The Children of Ray Bradbury - Thurs. Oct. 18 - 8PM

Oddball Films present The Children of Ray Bradbury, a program of adaptations of the short stories of the recently departed literary giant Ray Bradbury.  Bradbury's vivid imagination created some of the most fantastic of worlds, and chilling of prophecies for our own world and since his passing, science fiction and literature may never be the same. In this program, we explore Bradbury's unique take on children, both cynical and endearing with three short film adaptations. In All Summer in a Day (1982), the children of Venus await to see their very first day of sunshine yet proceed to bully the only one of their classmates who has seen it before. The Veldt (1989) gives us the proverbial nuclear family in a fully-automated home with a virtual reality nursery that leads the children of the house to use it for catastrophic ends.  On the softer side, Bradbury's electronic answer to death The Electric Grandmother (1981), based on the story I Sing the Body Electric, an oddly touching tale of a family filling in the gaps when a loved one dies.  Join us as we salute the man, the myth and the machines and characters his mind created.

Date: Thursday, October 18th2012 at 8:00pm
Venue: Oddball Films, 275 Capp Street San Francisco
Admission: $10.00 Limited Seating RSVP to or (415) 558-8117


The Veldt (Color, 1989)
Parents George and Lydia live with their two children Peter and Wendy in "The Happylife Home," a fully automatic residence with machines that do everything for them.  The two children are especially taken with the nursery, a room with virtual reality that will recreate anything their brains desire.  The parents begin to worry as the pair spend more and more time in the nursery, which seems to be permanently fixed on African grasslands featuring a pair of lions gruesomely gnawing on bones in the distance.  When George and Lydia decide to move out to the country to get away from their computerized domicile, the children and lions have other ideas.  Shot for Ray Bradbury Theater and directed by, Brad Turner.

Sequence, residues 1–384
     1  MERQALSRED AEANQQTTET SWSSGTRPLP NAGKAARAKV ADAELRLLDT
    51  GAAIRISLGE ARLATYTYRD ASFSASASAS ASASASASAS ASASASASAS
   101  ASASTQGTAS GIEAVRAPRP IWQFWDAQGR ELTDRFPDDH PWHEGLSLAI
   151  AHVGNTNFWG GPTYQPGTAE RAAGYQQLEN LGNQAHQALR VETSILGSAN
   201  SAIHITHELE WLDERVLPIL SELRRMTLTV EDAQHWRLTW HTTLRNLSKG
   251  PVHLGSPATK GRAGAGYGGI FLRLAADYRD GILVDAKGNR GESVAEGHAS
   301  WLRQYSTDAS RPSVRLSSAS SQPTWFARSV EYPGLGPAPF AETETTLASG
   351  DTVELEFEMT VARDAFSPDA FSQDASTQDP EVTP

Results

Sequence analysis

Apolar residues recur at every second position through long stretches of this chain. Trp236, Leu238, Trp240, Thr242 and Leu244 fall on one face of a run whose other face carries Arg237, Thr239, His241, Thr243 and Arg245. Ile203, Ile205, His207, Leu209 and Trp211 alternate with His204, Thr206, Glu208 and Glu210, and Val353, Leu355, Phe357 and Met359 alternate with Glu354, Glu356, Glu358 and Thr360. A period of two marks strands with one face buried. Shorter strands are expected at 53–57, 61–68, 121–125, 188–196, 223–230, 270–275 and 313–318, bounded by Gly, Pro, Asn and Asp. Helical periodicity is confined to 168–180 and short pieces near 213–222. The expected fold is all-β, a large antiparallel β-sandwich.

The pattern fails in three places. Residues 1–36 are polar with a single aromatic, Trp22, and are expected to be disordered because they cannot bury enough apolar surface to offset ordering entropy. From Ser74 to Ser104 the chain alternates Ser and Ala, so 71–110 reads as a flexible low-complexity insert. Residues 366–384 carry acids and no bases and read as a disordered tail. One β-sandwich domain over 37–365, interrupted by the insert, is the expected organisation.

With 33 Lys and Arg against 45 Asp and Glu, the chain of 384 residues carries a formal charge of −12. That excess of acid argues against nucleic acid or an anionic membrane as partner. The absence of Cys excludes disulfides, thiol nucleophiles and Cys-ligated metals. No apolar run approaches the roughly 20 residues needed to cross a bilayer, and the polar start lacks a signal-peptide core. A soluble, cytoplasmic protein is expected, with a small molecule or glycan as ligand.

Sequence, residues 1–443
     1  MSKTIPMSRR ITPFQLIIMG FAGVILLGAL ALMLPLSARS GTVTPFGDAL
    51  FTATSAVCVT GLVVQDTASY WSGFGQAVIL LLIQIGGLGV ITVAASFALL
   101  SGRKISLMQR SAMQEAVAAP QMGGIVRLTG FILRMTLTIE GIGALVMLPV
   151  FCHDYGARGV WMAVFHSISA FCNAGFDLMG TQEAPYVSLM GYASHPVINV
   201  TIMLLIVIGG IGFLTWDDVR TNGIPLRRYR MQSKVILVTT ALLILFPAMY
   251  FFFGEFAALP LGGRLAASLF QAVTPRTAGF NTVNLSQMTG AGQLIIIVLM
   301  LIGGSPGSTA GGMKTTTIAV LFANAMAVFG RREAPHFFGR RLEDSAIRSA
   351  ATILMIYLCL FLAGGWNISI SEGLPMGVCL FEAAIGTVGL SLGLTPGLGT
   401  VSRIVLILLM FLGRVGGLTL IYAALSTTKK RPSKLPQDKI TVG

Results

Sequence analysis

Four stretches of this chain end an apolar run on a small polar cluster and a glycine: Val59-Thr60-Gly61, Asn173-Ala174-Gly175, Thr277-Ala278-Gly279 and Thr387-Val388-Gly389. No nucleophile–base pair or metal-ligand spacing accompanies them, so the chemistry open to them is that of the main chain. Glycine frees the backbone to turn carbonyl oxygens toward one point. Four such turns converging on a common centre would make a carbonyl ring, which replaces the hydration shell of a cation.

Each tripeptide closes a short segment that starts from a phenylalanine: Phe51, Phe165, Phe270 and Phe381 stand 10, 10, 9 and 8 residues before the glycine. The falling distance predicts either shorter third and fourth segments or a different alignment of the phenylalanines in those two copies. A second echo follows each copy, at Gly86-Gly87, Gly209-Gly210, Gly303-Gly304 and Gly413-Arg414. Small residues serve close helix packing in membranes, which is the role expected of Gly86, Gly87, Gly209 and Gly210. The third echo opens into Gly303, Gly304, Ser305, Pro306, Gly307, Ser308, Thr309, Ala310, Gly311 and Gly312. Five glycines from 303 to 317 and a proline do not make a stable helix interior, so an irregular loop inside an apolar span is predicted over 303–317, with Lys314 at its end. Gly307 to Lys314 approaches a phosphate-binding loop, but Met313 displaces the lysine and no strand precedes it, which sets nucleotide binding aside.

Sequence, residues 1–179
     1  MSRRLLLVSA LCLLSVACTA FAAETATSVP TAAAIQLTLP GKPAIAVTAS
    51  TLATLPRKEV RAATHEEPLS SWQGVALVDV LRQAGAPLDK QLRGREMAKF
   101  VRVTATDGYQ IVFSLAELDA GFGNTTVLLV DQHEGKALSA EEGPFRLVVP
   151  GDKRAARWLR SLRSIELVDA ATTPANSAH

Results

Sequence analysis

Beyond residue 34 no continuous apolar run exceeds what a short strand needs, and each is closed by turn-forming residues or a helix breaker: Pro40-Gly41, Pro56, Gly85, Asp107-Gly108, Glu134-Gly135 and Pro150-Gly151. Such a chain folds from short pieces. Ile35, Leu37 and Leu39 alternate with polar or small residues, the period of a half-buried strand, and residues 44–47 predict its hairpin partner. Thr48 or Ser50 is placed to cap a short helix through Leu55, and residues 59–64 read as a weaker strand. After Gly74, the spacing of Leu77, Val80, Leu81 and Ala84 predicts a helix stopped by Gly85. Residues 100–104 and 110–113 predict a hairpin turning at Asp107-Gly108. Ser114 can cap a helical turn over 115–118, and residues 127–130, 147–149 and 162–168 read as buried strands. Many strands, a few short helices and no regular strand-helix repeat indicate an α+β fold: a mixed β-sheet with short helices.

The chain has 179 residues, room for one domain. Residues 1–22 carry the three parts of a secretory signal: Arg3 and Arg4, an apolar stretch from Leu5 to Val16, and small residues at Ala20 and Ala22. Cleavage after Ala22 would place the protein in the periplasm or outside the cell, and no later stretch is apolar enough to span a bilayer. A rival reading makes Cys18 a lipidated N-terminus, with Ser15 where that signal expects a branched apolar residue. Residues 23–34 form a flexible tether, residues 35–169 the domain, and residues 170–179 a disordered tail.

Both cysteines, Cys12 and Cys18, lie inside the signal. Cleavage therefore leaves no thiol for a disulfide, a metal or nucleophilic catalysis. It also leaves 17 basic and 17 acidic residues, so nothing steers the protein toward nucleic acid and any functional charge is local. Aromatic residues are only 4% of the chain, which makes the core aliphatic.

All Summer in a Day (Color, 1982)
On Venus, the sun only rises for only one day every seven years.  To a class of young pasty children, this will be the first time ever seeing the star, feeling it's warmth and beauty.  One girl in their class moved from Earth recently enough to remember and tries to dispel her knowledge of it's effects, as they stand in front of giant lamps.  Her classmates, however, think she's telling lies and begin to torment her, locking her in a closet.  When the sun finally emerges, the class runs outside to see the flowers and butterflies, leaving little Margot to miss the epic Celestial event.  Starring Keith Coogan from Adventures in Babysitting and Don't Tell Mom the Babysitter's Dead.

The Electric Grandmother (Color, 1981)
When a family loses their mother, they receive an offer to create a robotic replacement.  Built to their specifications, the robot steps in to offer them consolation and a matriarchal hand as they deal with their grief and loss.  But can a robot, even the most advanced, really fill in the void of losing their real mother and what happens to a robot when they've fulfilled their obligation?  Directed by, Noel Black (Pretty Poison) and starring Maureen Stapleton (Cocoon, Interiors) and Edward Herrmann (The Lost Boys, The Great Gatsby).